the red end of the visible region, so it is

visible.

9.

The time for light to travel from the Sun to the Earth is

10.

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Electromagne
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11.

We convert the units:

1
2
.

The distance that light travels in one year is

13.

(
a
)

If we assume the
closest approach of Mars to Earth
, we have

(
b
)

I
f we assume the
farthest approach of Mars to Earth
, we have

1
4
.

The eight
-
sided mirror would have to rotate 1/8 of a revolution for the succeeding mirror to be in
position to reflect the light in the proper direction. Durin
g this time the light must travel to the
opposite mirror and back. Thus the angular speed required is

15.

The mirror must rotate at a minimum rate of

Thus

16.

If we ignore the time for the sound to travel to the microphone, the time difference is

so the

person

at

the

hears

the

voice

0.14

s

sooner.

17.

The length of the pulse is
so the number of wavelengths in this length is

The time for the length of the pulse to be one wavelength is

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18.

The energy per unit area per unit time is

19.

The energy per unit area per unit time is

We find the time from

20.

The energy per unit area per unit time is

We find the energy transported from

21.

Because the wave spreads out uniformly over the surface of the sphere, the power flux is

We find the rms value of the electric field from

22.

The energy per unit area per unit time is

which gives

The rms value of the magnetic field is

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tic Waves

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23.

The radiation from the Sun has the same intensity in all directions, so the rate at which it reaches the
Earth is the rate at which it passes through a sphere centered at the Sun:

24.

(
a
)

We find
E

us
ing

(
b
)

Average power per unit area is

25.

(
a
)

The energy emitted in each pulse is

(
b
)

We find the rms electric field from

which gives

26.

We find the pressure

Supposing a 1.0 cm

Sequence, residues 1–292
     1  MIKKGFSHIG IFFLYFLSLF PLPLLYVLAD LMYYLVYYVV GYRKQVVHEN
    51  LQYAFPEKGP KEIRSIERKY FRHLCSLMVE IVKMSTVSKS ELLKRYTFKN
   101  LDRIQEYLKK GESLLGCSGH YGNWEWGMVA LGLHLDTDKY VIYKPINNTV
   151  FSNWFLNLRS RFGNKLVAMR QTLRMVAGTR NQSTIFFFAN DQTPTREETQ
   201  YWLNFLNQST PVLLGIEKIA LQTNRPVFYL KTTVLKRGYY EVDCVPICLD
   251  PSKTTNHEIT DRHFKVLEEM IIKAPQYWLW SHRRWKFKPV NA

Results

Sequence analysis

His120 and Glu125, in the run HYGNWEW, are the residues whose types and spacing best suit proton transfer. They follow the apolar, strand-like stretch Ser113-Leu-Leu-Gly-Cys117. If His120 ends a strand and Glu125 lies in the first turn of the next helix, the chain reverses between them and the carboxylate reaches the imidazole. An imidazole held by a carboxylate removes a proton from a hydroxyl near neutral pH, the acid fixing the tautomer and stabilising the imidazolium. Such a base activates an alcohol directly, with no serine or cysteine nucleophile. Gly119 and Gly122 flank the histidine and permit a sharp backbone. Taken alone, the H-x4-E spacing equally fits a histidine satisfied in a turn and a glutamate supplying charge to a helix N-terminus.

2

fingertip, the force is

27.

(
a
)

to

(
b
)

to

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28.

The cell phone will receive signals of wavelength

29.

The frequencies are 940 kHz on
the AM dial and 94 MHz on the FM dial. From

we see that
the lower frequency will have the longer wavelength:

the

AM

station.

When we form the ratio of wavelengths, we get

30.

The wavelength of
Channel 2 is

The wavelength of Channel 69 is

31.

The resonant frequency is given by

When we form the ratio for the two stations, we get

which gives

32.

We find the capacitance from the resonant frequency:

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33.

We find the inductance for the first frequency:

For the second frequency we have

Thus the range of inductances is

34.

(
a
)

The minimum value of
C

corresponds to the h
igher frequency, so we have

(
b
)

The maximum value of
C

corresponds to the lower frequency, so we have

35.

The rms electric field s
trength of the beam is given by

36.

To produce the voltage over the length of the antenna, we have

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The rate of energy transport is

37.

After the change occurred, we would find out when the change in radiation reached the Earth:

38.

The length in space of a burst is

39.

(
a
)

The time for a signal to travel to the Moon is

(
b
)

The time for a signal to travel to Mars at the closest approach is

40.

The time consists of the time for the radio signal to travel
to Earth and the time for the sound to travel
from the loudspeaker:

5
% of the time is for the sound wave.

41.

(
a
)

The rms value of the associated electric field is found by